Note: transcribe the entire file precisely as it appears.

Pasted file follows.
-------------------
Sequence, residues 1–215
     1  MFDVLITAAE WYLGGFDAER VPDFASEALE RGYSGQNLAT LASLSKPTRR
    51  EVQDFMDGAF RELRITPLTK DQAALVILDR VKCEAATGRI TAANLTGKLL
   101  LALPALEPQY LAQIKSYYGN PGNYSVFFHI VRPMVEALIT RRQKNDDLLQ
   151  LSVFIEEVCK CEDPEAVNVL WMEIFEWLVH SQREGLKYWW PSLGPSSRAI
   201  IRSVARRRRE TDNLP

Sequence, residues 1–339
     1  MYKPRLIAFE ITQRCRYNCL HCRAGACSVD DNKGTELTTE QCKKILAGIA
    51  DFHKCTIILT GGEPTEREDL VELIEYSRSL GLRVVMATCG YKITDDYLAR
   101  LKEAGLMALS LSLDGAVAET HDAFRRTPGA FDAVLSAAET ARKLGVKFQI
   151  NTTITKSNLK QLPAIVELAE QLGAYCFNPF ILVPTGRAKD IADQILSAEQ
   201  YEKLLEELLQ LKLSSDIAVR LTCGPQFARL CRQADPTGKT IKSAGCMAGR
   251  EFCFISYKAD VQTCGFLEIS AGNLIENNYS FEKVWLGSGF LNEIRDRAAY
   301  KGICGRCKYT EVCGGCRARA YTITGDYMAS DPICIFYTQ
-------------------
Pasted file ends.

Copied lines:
Sequence, residues 1–215
     1  MFDVLITAAE WYLGGFDAER VPDFASEALE RGYSGQNLAT LASLSKPTRR
    51  EVQDFMDGAF RELRITPLTK DQAALVILDR VKCEAATGRI TAANLTGKLL
   101  LALPALEPQY LAQIKSYYGN PGNYSVFFHI VRPMVEALIT RRQKNDDLLQ
   151  LSVFIEEVCK CEDPEAVNVL WMEIFEWLVH SQREGLKYWW PSLGPSSRAI
   201  IRSVARRRRE TDNLP

Sequence, residues 1–339
     1  MYKPRLIAFE ITQRCRYNCL HCRAGACSVD DNKGTELTTE QCKKILAGIA
    51  DFHKCTIILT GGEPTEREDL VELIEYSRSL GLRVVMATCG YKITDDYLAR
   101  LKEAGLMALS LSLDGAVAET HDAFRRTPGA FDAVLSAAET ARKLGVKFQI
   151  NTTITKSNLK QLPAIVELAE QLGAYCFNPF ILVPTGRAKD IADQILSAEQ
   201  YEKLLEELLQ LKLSSDIAVR LTCGPQFARL CRQADPTGKT IKSAGCMAGR
   251  EFCFISYKAD VQTCGFLEIS AGNLIENNYS FEKVWLGSGF LNEIRDRAAY
   301  KGICGRCKYT EVCGGCRARA YTITGDYMAS DPICIFYTQ